I am a very sentimental person, and expressing love is very important to me. I distinctly remember my father talking about how he and his parents never really expressed how much they loved one another. He wanted that to be different with me. My father, to this day, will tell me he loves me several times within each visit. I can sense that my father, (not having experienced the sappy aspect of telling people how he feels), lessens the mawkish sensation by surrounding his “I love you” with other ridicule. Generally, he’d come up to me, wrap his arm around my shoulder and pull me close in a psuedo-hug, kiss my forehead, and profess, “I love you, brat. Now go get me some chocolate chip cookies.” Albeit, not as mushy as I am with my emotions, the point comes across loud and clear. I know that he loves me. I have always felt his love. Benjamin seems to particularly look forward to his Grandpa Wayne’s comments. “I love you, too, Grandpa Wayne… But I am not a hotdog, silly!”
The same goes for my mother. I’m really blessed that my mother is able to express her happy emotions really freely. I can recall several styles or phrases that my mother uses to say that she loves me. I know sometimes she simply tells me just that. Other times, she smiles and says something witty and silly just as my father does. Mostly, though, I think my mother is very good at demonstrating how she loves people. She has a knack for showing an interest in things that I love and sharing them with me. She has my back when she perceives that I feel threatened. She has a hobby of buying special “no-reason other than I love you” gifts, which I have inherited. She will cuddle if you’ll let her close enough, she’ll make you laugh if you’ll listen to her jokes, and she’ll cry with you if you need a shoulder.
It seems if you forget to take the time to acknowledge how people show their love, you might not notice. Even though my father and I had specifically talked about how he tries to express his feelings, at that time in my life, I couldn’t understand why we’d even have such a conversation. Of course he loved me. I knew that. Why wouldn’t he? It wasn’t until Jake was telling me that Grandma Linda was his favorite person in the whole world, and I asked him to explain why, that I understood why this was important. It struck me very profoundly to hear Jake explain that Grandma Linda loves him more than anyone body else. I reassured him that everyone in his life loved him, but she was exceptionally good at showing it. And it was really interesting to me, because I absolutely remember feeling the same way he described feeling when I was his age. My mother is just truly good at letting you know that you matter very much to her. I am still very happy to see that Jake perceives this message and feels as comforted in it as I always have.
So, becoming the combination of my parents techniques for showing love, I have become one of the world’s sappiest people. I say “I love you” so often it nearly becomes cliche, though I mean it whole heartedly each time it leaves my lips. You might say I’ve been bitten by the “hug bug”. (Direct result of my Grandma Rachel.) Sometimes I find myself weaving how much I love my children into songs… (another technique learned from my mother…)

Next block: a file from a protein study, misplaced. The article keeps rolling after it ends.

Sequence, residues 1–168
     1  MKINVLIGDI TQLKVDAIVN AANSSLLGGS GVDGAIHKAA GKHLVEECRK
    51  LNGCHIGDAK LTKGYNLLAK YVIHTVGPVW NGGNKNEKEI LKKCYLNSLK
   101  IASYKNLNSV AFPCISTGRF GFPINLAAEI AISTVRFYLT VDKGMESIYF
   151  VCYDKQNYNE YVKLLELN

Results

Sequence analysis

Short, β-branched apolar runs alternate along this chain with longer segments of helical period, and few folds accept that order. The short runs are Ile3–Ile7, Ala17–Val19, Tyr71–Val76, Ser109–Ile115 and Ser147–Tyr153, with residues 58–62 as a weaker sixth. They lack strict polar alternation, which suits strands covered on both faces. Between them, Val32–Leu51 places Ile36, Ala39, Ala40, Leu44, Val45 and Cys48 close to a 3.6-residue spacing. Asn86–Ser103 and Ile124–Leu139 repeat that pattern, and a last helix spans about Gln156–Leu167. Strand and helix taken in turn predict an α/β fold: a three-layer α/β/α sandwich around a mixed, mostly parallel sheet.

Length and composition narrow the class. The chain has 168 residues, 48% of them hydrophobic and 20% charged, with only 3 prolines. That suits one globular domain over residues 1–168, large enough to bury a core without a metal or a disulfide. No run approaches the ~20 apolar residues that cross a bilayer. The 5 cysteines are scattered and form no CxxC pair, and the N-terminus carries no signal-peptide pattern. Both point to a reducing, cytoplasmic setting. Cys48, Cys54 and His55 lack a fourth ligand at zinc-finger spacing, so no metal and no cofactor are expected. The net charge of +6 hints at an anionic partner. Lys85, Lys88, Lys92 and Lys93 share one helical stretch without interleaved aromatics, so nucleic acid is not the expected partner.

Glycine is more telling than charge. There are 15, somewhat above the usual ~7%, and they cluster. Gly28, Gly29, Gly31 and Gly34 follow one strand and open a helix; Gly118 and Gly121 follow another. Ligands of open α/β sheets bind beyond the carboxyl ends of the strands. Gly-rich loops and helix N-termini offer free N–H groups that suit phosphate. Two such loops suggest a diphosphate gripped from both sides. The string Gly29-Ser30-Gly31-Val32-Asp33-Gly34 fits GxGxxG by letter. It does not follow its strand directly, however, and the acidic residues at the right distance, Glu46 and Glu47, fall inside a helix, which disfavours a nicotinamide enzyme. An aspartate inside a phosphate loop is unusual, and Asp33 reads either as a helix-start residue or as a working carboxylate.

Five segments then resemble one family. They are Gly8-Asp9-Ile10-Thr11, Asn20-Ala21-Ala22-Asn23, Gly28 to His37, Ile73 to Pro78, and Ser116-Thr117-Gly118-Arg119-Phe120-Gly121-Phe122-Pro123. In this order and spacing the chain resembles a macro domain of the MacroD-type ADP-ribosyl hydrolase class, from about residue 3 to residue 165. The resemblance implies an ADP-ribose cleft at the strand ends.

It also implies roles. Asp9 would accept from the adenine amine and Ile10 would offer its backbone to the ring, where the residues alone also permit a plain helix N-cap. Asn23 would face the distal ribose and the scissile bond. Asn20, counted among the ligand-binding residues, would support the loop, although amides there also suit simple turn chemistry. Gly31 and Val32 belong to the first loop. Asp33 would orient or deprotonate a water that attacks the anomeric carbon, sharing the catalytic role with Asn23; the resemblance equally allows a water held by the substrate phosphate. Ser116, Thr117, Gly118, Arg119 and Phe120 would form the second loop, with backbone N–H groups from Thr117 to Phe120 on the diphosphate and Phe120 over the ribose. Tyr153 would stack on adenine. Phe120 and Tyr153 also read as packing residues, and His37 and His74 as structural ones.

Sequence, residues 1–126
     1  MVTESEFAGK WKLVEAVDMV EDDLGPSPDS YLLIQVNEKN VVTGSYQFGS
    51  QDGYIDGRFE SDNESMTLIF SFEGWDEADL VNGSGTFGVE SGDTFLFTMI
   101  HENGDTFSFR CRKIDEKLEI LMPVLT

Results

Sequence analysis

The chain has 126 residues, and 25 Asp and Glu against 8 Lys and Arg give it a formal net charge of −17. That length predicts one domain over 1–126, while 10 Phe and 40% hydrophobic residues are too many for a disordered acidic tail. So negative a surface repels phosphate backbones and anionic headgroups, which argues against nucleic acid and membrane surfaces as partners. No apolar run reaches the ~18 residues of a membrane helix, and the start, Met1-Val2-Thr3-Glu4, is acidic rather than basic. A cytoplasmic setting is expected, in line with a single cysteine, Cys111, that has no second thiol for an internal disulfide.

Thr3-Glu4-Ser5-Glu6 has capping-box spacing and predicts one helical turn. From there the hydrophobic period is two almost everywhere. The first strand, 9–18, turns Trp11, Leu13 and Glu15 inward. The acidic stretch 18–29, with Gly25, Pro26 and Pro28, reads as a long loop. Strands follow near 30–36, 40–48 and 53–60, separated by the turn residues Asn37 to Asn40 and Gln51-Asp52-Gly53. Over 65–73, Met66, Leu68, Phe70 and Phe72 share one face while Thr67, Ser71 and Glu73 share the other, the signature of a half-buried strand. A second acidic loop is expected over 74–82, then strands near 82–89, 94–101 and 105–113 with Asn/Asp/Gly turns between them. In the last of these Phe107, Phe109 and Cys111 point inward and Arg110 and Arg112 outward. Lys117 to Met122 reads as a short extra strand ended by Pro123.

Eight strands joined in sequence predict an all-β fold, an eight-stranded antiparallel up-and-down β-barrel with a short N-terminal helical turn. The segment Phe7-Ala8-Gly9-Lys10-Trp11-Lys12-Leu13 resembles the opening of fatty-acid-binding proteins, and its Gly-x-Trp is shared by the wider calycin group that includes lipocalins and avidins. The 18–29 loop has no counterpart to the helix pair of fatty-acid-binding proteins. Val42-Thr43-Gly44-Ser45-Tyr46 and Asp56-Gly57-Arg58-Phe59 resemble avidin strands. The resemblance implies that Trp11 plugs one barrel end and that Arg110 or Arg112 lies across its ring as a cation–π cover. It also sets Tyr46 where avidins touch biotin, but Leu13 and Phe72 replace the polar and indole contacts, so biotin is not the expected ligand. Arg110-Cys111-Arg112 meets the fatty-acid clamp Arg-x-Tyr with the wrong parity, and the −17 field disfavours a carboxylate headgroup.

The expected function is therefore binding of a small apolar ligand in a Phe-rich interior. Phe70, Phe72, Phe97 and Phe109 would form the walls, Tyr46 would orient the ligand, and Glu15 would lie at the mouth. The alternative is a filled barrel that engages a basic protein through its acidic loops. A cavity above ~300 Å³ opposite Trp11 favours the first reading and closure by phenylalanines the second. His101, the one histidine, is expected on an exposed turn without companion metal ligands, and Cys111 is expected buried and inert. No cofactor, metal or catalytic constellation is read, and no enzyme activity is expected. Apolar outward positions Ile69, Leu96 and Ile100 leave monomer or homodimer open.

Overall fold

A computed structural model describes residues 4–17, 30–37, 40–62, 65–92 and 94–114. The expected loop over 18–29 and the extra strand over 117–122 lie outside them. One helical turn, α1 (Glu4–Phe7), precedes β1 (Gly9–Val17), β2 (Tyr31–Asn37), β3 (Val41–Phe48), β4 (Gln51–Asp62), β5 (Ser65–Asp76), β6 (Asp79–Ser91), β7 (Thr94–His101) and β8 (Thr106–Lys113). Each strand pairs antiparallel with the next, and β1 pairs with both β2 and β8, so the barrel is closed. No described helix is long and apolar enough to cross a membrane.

And I often consider the various ways my children show their love. This is a fun process that seems to be evolving as they grow. From birth, Jake has always showed his love by favoring me. (Both boys do this. I think it’s a Mommy/son type thing, actually.) Both of my boys have always enjoyed cuddling. They will fight for a spot on my lap, but if they can’t get on my lap, they are content if their foot is so much as touching my foot. (Ben is still very much in this stage.) I remember a point when Jake was very little, when he started rubbing my back as I nursed him. It was sweet, and it was the same soothing type motion I would use to calm him while he was upset and being colicky. Eventually, both boys learned to give some sort of sloppy baby kisses and hugs. Those sloppy kisses at some point turned into loud “Smackers”. (The type of kiss that is so loud that you feel it all through your cheek and hear it through your house.) As they learned to talk, they both randomly would blurt out, “I love you, Mama” when there was an awkward silence.
Jake, being Jake, invented the “I love you more” game. It goes something like this:
Me: “Good night, Jake. I love you.”
Jake: “I love you MORE“
Me: “I don’t think so. Good night, dear.”
Jake: “I love you more than I love video games.”
Me: “I love you more than all the stars in the sky.”
Jake: “Wow, Mom, that’s a lot! I love you more than Ben loves Trains!”
Me: “That’s quite a lot also, but I love you more than all the grains of sand at the beach!”
His game play gets more and more sophisticated as he gets older. He is now combining things to make MORE love…
Jake: “I love you more than Daddy loves disc golf plus more than you love derby!”
Or he resorts to cheating, so that he cannot be one upped while Ben is does his very best to keep up…
Jake: “I love you infinity. Plus one.”
Me: “Well, boys, I love you more than all the hairs on my head and the blades of grass in our lawn.”
Ben: “I love you 20 pounds, Mama!”
Though I realize that this game is usually a mere tactic to avoid “lights out” time, I do so appreciate being showered in adoration. I am very proud that my kids know that they are loved, and know how to show that they love one another. Whether it be a kiss, a game, a hug or a simple “I love you”, it’s good to know the lesson is being learned.
But boys... I love you more!
Sometimes just bumping heads is enough to show you love one another…